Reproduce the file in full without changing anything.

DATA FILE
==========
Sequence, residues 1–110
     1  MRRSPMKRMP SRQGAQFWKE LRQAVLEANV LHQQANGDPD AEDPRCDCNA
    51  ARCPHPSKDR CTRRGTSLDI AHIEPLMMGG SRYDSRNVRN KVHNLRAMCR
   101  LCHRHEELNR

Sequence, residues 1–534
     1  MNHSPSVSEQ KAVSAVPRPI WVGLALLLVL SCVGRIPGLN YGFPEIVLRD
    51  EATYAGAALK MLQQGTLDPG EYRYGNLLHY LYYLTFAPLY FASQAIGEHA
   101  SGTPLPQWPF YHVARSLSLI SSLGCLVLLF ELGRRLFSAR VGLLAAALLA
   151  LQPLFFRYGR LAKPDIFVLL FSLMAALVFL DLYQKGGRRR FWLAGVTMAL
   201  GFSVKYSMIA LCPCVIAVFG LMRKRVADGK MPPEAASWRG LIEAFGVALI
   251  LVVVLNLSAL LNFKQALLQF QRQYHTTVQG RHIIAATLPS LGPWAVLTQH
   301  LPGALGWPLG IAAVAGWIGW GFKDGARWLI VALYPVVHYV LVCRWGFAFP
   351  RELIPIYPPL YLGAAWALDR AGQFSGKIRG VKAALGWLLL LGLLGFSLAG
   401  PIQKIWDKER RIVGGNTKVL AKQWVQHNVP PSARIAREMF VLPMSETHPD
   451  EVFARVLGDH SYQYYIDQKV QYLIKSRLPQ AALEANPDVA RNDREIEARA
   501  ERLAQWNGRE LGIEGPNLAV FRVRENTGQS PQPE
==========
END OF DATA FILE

Sequence, residues 1–110
     1  MRRSPMKRMP SRQGAQFWKE LRQAVLEANV LHQQANGDPD AEDPRCDCNA
    51  ARCPHPSKDR CTRRGTSLDI AHIEPLMMGG SRYDSRNVRN KVHNLRAMCR
   101  LCHRHEELNR

Sequence, residues 1–534
     1  MNHSPSVSEQ KAVSAVPRPI WVGLALLLVL SCVGRIPGLN YGFPEIVLRD
    51  EATYAGAALK MLQQGTLDPG EYRYGNLLHY LYYLTFAPLY FASQAIGEHA
   101  SGTPLPQWPF YHVARSLSLI SSLGCLVLLF ELGRRLFSAR VGLLAAALLA
   151  LQPLFFRYGR LAKPDIFVLL FSLMAALVFL DLYQKGGRRR FWLAGVTMAL
   201  GFSVKYSMIA LCPCVIAVFG LMRKRVADGK MPPEAASWRG LIEAFGVALI
   251  LVVVLNLSAL LNFKQALLQF QRQYHTTVQG RHIIAATLPS LGPWAVLTQH
   301  LPGALGWPLG IAAVAGWIGW GFKDGARWLI VALYPVVHYV LVCRWGFAFP
   351  RELIPIYPPL YLGAAWALDR AGQFSGKIRG VKAALGWLLL LGLLGFSLAG
   401  PIQKIWDKER RIVGGNTKVL AKQWVQHNVP PSARIAREMF VLPMSETHPD
   451  EVFARVLGDH SYQYYIDQKV QYLIKSRLPQ AALEANPDVA RNDREIEARA
   501  ERLAQWNGRE LGIEGPNLAV FRVRENTGQS PQPE